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I am trying to draw a graph depicting the memory consumption of a process vs the time. I am able to get the memory consumed and draw graph using Qt after taking help from SO. To showcase even minor changes in memory, I am scaling the Y-axis in bytes.

My problem is, usually the memory consumed is a very large value to be showcased in my graph and it shoots out of the visible area.

I studies here how I can use Logarithmic scale to avoid this problem. But this causes another problem :

After some time, normally the process settles down with the memory initialization and any further change in the memory consumption are very small values compared with the total memory consumed by this process. Thus these changes are not really visible on my graph because of the log I am taking for scaling. But my main aim is to showcase this change in total memory consumption in a graphical format.

Is my approach wrong or there are better ways to achieve this ?

Implementation in Qt/C++/qml, but generic ideas are most welcome.


Time: 0 Sec | Consumption : 0 Bytes

Time: 1 Sec | Consumption : 1212120 Bytes

Time: 2 Sec | Consumption : 1212520 Bytes

Time: 3 Sec | Consumption : 1212720 Bytes

.. consumption settles down around this time -- Now only small changes --

Time: 20 Sec | Consumption : 1212890 Bytes

Time: 21 Sec | Consumption : 1212893 Bytes

Time: 22 Sec | Consumption : 1212895 Bytes

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How about plotting the delta of memory usage? That is, +500 bytes at the 2nd sec, +200 bytes at the 3rd sec, ... – timrau Feb 19 '13 at 14:09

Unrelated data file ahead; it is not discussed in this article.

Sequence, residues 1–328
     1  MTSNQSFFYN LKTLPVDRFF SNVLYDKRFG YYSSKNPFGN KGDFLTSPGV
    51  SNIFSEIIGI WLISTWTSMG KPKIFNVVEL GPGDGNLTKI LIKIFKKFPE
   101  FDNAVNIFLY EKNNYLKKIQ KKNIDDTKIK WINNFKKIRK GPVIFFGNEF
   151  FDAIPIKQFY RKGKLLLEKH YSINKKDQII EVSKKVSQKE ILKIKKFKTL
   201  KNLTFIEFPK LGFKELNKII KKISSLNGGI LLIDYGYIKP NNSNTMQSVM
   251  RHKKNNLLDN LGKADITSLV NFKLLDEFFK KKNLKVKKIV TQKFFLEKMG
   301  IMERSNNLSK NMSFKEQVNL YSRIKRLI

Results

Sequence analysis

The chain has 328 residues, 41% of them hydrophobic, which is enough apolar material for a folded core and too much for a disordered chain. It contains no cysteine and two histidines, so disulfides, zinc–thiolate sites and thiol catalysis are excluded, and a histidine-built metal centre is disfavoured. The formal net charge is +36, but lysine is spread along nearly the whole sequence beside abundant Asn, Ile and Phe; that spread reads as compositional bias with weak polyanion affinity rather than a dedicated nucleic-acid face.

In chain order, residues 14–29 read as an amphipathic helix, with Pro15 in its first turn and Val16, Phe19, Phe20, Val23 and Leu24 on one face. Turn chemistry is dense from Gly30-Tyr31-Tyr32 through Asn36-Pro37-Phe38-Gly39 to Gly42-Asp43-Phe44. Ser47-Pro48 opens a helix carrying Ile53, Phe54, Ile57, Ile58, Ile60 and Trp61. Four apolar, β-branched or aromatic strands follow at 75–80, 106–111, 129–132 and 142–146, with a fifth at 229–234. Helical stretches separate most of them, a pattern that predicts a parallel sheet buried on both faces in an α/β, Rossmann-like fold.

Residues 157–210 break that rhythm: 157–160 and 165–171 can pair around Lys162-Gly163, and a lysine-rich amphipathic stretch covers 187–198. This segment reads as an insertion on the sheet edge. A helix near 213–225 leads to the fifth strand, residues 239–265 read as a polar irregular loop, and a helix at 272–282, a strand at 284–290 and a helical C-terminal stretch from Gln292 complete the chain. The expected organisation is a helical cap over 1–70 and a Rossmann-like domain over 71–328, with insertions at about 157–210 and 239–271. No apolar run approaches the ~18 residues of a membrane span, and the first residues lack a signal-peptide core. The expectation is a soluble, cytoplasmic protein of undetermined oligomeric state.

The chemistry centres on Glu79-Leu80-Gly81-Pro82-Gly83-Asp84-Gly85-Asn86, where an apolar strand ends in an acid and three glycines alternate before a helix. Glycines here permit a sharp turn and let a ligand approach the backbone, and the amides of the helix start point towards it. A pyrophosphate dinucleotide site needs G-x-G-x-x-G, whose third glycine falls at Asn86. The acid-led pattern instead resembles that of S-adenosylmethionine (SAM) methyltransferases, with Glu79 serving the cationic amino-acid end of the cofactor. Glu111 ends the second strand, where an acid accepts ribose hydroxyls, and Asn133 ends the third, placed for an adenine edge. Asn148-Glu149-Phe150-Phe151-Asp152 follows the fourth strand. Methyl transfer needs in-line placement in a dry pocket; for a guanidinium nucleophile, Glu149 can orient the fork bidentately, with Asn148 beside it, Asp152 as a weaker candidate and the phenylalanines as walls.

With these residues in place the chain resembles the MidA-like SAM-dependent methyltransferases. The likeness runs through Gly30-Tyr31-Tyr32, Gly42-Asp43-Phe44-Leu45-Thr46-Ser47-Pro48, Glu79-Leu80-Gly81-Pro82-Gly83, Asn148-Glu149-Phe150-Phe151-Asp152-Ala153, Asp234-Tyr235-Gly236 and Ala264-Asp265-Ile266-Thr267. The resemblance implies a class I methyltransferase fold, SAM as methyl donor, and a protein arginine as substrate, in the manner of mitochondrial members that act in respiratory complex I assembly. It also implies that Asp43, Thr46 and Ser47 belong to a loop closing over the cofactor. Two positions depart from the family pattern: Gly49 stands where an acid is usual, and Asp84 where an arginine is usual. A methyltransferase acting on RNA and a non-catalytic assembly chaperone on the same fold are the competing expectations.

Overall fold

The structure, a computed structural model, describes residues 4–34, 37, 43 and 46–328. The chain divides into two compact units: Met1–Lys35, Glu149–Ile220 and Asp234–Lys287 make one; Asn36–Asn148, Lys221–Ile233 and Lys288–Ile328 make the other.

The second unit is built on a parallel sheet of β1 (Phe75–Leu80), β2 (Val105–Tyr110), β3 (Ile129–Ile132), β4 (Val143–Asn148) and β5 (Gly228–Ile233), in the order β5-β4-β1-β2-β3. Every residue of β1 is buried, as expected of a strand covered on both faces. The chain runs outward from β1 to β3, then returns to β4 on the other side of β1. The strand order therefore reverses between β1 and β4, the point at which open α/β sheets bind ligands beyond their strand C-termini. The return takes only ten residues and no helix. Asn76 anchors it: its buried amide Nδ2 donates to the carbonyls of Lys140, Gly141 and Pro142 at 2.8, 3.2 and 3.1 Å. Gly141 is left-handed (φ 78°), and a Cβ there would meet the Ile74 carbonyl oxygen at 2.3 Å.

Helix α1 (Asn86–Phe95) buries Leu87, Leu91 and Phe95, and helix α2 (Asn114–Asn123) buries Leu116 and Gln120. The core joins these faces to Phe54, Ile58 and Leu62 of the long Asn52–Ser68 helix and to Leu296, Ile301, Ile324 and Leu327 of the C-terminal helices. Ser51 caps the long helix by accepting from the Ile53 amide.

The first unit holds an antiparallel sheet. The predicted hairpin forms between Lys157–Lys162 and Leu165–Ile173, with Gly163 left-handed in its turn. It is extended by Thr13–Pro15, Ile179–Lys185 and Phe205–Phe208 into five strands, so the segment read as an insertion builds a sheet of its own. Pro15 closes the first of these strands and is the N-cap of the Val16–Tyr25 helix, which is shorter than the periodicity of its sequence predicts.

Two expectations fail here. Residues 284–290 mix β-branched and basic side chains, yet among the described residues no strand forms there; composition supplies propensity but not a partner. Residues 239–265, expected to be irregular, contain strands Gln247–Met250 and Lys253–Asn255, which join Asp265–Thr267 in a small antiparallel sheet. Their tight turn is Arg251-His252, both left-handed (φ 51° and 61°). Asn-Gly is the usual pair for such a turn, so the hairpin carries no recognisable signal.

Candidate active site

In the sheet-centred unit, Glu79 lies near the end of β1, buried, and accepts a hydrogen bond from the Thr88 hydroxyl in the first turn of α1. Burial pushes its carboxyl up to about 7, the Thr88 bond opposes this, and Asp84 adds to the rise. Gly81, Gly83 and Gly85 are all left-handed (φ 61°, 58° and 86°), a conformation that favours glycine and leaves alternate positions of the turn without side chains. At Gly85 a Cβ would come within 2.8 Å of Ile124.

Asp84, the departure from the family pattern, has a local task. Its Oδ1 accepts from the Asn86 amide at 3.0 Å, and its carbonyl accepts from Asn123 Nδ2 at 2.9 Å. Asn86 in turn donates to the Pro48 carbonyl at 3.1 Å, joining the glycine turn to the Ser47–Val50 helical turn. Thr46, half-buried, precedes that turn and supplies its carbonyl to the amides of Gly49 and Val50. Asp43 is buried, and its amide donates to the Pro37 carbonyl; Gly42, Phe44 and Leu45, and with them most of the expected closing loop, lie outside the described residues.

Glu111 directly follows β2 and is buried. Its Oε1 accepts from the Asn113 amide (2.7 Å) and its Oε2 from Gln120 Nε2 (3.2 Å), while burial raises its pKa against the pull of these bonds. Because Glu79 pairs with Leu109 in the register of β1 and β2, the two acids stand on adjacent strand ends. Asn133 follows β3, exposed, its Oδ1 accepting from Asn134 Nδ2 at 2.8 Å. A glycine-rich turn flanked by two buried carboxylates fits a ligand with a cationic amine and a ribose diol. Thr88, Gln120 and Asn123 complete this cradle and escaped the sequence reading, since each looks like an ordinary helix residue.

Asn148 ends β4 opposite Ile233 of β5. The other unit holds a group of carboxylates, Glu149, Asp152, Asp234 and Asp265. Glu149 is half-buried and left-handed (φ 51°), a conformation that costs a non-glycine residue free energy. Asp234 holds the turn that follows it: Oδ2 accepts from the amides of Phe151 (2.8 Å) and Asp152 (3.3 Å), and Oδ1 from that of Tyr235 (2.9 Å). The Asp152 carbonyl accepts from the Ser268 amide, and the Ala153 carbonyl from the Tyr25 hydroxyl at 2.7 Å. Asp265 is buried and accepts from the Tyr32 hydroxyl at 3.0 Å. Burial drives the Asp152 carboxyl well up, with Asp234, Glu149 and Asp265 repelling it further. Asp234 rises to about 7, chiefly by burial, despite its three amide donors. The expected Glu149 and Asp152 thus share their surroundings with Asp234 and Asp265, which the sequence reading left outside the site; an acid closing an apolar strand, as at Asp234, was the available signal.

Get the best of both worlds - show the magnitude on one plot with logarithmic scaling, and on a separate plot show the actual byte count. For the second plot scale the ymin, ymax to 20% of the running average over the last 10 seconds. – Hooked Feb 19 '13 at 14:48
@Dukeling Thanks! Can you please post that as an answer so that I can ask some other queries regarding your solution and perhaps accept it as the answer. – Amit Tomar Feb 20 '13 at 3:35
@timrau But for the first delta interval there will be a sharp peak when the consumption increases from 0 to a very high value and then this change will suddenly drop down to small values. This initial peak will most probably shoot out of my graph? – Amit Tomar Feb 20 '13 at 3:37

2 Answers 2

up vote 2 down vote accepted
  • A fractional power (such as square root) may be a consideration instead of a logarithm.

  • Ignore the first value. If the value at time 0 is always 0, you could consider ignoring it. It significantly offsets your dataset. Then the y-min on the graph can be 1212120 and it would look better:


  • Displaying the changes (value at time x - value at time x-1) rather than the actual values (value at time x) may also be a good idea.

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I wanted to know how this idea came to you. Is it that you decided to use the fractional powers because the rate of change for them would be smaller than the rate of change for log function ? – Amit Tomar Feb 20 '13 at 9:16
I've done quite a bit of work with algorithm complexity, which makes one quite familiar with the relation between n, sqrt(n) and log(n). Essentially I saw you as wanting something between n and log(n), which is where sqrt(n) fits in. – Dukeling Feb 20 '13 at 9:21

Here is one way to approach it:

  1. Chart the changes, not the absolute values.
  2. Use an inset or small chart, like in a map, that shows the large change in the corner of a chart. In the main part of the chart, show the small changes.
  3. Display the value of the memory usage at the current cursor position (a single number) in another corner of the main chart.
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